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Originally published Thursday, April 3, 2008 at 12:00 AM

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Editorial

Democrats should come clean on trade

The Democratic presidential candidates, instead of bashing international trade, should be touting its contribution to shoring up a souring economy.

The Democratic presidential candidates, instead of bashing international trade, should be touting its contribution to shoring up a souring economy.

In 2007, exports rose 12 percent to a record $1.6 trillion in goods and services, according to the U.S. Chamber of Commerce. That growth accounted for more than one-quarter of the increase in the gross domestic product.Exports are one of the few bright spots in an economy that Federal Reserve Chairman Ben Bernanke acknowledges appears to be heading into recession. And the relative strength of Washington state's economy — where one in every three jobs is trade-related — is testimony to the benefits of trade.

But that point is all but ignored in Sen. Barack Obama's remarks prepared for an AFL-CIO meeting Wednesday in Philadelphia.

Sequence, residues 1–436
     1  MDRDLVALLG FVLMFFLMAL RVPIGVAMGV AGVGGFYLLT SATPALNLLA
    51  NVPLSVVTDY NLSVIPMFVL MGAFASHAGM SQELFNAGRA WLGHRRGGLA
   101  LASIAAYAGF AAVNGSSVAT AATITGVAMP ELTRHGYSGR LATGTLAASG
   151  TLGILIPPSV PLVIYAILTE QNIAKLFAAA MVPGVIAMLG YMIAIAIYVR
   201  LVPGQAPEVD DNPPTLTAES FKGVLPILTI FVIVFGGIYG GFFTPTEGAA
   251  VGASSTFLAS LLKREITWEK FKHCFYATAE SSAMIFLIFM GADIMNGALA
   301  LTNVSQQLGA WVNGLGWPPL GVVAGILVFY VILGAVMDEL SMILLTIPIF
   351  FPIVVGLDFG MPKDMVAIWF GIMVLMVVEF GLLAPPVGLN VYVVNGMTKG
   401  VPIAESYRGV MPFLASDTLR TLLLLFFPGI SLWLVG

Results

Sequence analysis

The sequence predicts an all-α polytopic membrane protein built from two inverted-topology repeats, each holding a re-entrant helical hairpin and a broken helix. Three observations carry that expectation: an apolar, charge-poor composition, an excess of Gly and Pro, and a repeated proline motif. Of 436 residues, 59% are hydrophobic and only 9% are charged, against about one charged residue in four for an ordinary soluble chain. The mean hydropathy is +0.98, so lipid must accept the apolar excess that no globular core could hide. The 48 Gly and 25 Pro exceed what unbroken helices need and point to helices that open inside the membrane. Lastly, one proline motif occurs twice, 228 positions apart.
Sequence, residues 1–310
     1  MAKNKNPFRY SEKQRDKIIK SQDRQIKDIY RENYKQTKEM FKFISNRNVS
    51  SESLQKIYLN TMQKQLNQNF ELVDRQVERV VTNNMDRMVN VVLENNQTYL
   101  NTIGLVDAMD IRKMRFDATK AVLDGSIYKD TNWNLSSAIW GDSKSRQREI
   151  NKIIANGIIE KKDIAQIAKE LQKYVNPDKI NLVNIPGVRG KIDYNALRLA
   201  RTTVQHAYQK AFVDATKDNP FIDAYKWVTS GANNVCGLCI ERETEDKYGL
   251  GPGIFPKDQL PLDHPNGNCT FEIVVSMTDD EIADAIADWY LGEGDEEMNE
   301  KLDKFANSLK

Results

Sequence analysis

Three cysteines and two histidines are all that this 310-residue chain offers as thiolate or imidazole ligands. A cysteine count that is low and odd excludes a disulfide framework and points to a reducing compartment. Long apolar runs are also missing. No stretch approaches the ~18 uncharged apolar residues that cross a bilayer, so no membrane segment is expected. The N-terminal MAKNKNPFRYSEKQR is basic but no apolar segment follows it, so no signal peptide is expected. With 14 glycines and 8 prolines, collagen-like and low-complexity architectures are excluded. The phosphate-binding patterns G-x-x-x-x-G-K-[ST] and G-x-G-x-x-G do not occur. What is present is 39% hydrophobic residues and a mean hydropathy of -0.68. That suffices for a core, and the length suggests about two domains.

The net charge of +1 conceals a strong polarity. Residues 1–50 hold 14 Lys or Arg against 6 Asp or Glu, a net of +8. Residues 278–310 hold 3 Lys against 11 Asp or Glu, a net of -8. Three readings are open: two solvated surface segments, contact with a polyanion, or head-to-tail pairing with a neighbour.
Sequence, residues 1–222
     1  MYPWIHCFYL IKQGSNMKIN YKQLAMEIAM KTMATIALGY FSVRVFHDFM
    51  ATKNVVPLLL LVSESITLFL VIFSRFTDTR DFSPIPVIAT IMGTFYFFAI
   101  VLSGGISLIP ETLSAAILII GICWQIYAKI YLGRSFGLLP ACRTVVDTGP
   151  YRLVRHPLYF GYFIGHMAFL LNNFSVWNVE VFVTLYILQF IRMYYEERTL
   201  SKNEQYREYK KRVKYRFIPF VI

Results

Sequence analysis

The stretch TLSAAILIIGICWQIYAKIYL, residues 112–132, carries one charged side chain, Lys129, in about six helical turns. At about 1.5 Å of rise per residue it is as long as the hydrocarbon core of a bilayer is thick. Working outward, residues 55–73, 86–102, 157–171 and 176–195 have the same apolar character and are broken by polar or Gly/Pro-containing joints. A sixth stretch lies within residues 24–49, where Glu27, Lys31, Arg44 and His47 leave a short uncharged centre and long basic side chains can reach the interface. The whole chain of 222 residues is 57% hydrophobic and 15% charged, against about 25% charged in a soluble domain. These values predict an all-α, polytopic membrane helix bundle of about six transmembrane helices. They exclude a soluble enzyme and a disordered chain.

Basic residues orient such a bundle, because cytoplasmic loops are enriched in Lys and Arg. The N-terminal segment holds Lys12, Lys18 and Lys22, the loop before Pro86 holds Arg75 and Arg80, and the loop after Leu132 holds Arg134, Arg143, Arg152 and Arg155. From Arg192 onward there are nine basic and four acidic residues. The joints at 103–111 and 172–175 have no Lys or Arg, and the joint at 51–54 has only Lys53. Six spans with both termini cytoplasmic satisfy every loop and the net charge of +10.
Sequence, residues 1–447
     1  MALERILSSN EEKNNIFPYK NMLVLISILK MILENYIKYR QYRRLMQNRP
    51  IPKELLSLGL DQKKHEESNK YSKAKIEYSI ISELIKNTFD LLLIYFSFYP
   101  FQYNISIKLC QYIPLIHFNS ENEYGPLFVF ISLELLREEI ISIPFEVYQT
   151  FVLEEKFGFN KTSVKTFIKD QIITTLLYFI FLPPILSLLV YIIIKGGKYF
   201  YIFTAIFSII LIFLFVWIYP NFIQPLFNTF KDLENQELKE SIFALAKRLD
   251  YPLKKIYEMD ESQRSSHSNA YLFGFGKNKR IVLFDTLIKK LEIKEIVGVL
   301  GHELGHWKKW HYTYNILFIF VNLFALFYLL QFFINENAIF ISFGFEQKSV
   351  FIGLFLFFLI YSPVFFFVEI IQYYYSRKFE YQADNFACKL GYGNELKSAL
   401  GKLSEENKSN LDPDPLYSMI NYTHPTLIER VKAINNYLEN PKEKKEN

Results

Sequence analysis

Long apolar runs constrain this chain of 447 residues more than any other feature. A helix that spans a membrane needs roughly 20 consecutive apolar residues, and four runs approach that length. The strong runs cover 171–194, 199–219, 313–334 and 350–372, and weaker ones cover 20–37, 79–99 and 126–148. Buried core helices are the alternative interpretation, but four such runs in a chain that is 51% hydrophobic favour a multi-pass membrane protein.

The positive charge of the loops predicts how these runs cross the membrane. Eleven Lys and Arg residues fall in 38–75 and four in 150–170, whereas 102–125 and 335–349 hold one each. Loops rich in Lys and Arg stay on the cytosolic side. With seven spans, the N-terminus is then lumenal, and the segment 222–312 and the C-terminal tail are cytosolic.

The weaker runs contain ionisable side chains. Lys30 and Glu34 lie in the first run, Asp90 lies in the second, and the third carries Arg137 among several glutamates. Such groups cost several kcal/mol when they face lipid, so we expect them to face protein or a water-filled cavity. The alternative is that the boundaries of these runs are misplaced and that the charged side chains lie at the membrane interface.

"Now, if we're honest with ourselves, we'll acknowledge that we can't stop globalization in its tracks and that opening new markets to our goods can help strengthen our economy," Obama's speech reads.

Would he want to? Really? Stop it in its tracks?

Obama goes on to promise the union members he'll vote against the pending trade agreements with South Korea and Colombia, and he'll oppose permanent normal trade relations with China.

How would that affect Washington state? Gov. Christine Gregoire signed the first and so-far only trade agreement between a state and China last year. She's also a superdelegate who endorsed Obama.

This page has endorsed Barack Obama for the Democratic nomination with conviction he would be an excellent candidate for president, but he must state that he will not backtrack on trade.

Sen. Hillary Clinton, who supported the North American Free Trade Agreement during her husband's presidency, suggests it be renegotiated. What if Canada and Mexico say no to renegotiation? Washington's two U.S. senators, who have endorsed Clinton, should be bending her ear.

Funny, but the candidates hit the anti-trade mute button when they travel into states like California, Washington and Texas.

Business leaders and elected officials here discount the campaign rhetoric as just that — a means to get elected but not a sign of new policies that will foreclose expanded trade. We hope they are right.

Copyright © 2008 The Seattle Times Company

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